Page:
The seventeenth group of the periodic table, halogens, are non-metals with seven valence electrons. This causes them to exist as diatomic molecules with atoms that are covalently bonded with each other. Down the group, the colours of elements become increasingly darker, which is seen from the change from pale yellow fluorine to black iodine. The state of halogens at room temperature also changes from solid to liquid to gas down the group.

Halogens have low melting and boiling points as they are simple covalent molecules with weak London dispersion forces between molecules. As such, little energy is needed to break these forces. The melting points and boiling points of elements increase down the group.

As they have seven valence electrons, halogen reacts readily by gaining one electron. This allows it to attain a noble gas configuration, forming a singly-charged anion. Halogens can displace each other in a halide solution. As the reactivity of halogens decreases down the group, more reactive halogens like fluorine and chlorine can displace less reactive halogens like bromine and iodine in a halide solution.

Halogens are also potent oxidising agents due to the seven valence electrons, and they also react with many different metals to form halide salts.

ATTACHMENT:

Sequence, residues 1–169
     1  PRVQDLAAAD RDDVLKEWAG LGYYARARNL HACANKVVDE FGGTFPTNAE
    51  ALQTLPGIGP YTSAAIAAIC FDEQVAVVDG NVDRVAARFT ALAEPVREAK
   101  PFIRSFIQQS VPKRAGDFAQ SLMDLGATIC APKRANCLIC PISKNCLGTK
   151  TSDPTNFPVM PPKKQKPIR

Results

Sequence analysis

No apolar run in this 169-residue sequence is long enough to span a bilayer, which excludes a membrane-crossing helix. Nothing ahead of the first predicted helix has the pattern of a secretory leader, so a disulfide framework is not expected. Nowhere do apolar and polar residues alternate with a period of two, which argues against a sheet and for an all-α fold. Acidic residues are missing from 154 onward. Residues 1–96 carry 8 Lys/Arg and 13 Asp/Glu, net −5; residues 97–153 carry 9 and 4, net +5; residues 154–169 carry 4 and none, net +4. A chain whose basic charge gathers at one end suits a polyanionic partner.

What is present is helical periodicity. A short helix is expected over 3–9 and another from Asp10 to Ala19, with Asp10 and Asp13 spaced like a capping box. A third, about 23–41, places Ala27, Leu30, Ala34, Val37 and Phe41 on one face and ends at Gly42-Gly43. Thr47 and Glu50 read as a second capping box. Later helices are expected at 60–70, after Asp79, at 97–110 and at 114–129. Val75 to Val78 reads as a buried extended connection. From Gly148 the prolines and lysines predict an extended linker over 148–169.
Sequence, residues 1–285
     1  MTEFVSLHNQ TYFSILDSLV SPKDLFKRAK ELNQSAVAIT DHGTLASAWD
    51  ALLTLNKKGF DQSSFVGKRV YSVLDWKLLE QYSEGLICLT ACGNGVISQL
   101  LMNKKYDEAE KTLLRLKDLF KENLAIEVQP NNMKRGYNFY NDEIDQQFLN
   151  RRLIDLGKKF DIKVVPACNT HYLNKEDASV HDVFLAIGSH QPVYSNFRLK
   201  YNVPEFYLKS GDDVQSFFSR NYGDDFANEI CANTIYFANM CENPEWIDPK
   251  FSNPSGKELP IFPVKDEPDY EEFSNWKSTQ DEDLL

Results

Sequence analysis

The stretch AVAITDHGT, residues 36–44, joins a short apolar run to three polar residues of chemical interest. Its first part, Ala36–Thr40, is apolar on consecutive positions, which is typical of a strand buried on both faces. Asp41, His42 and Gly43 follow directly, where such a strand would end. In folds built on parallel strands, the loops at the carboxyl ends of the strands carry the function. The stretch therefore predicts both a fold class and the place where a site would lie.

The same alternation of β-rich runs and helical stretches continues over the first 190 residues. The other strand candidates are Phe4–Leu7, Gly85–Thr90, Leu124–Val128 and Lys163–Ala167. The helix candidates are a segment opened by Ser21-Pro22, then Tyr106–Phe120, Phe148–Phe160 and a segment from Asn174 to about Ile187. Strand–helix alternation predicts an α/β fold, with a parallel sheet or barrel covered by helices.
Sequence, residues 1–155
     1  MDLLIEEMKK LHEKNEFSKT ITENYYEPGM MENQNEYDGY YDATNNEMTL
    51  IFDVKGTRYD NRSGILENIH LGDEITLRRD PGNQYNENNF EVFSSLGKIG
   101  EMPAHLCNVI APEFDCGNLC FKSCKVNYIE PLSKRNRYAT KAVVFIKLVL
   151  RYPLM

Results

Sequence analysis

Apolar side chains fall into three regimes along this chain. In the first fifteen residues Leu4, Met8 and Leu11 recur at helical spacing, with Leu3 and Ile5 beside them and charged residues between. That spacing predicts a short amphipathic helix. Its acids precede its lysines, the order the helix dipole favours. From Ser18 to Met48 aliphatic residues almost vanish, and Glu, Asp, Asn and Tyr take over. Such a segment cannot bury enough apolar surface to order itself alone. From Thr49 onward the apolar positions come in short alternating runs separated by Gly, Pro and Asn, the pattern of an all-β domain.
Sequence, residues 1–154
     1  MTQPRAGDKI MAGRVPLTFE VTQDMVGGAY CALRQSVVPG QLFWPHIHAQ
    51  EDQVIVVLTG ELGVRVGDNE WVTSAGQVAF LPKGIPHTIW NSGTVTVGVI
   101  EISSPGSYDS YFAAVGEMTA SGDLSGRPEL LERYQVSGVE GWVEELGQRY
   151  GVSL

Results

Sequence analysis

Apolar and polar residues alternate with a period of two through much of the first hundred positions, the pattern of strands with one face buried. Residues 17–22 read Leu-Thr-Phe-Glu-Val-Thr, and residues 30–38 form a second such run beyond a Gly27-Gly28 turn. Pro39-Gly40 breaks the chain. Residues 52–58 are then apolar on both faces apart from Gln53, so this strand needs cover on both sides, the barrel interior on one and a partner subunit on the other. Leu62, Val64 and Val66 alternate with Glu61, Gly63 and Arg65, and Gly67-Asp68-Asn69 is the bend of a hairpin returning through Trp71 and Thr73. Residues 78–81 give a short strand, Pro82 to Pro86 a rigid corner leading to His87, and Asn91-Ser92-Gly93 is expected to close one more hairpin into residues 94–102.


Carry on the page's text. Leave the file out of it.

Just like every other group, the atomic radii of elements increase down the group. Also, as we mentioned earlier, the melting and boiling points of elements increase down the group. Reactivity, however, decreases down the group.

Group 0 – Noble Gases

Noble gases are monoatomic, colourless gases at room temperature and pressure. As they have a filled valence electron shell, noble gases are unreactive and have low melting points and boiling points. They are also insoluble in water.

Here are some uses of noble gases:

Helium – used to fill balloons as it is less dense than air. It is also used in oxygen tanks of divers.

Neon – used in neon lights as it glows in the presence of electricity.

Argon – used in electric light bulbs due to its inert nature. This prevents the filament from oxidising.

Krypton – used in lasers.

Xenon – used in headlights of vehicles and lighthouses.

Conclusion

The periodic table serves as one of the most important aspects of chemistry today. Each group and period in the periodic table have different properties, and however, they often share similar trends down a group or across a period. Today, we have covered some of the more critical groups in the periodic table. As such, you can now understand the properties and trends of the periodic table when you come across them in the future.

Mizuno Jun

Hi! I'm a writer based in Singapore 🇸🇬. To contact me, you can drop me an email at [email protected]

Add comment

Book Your Free Class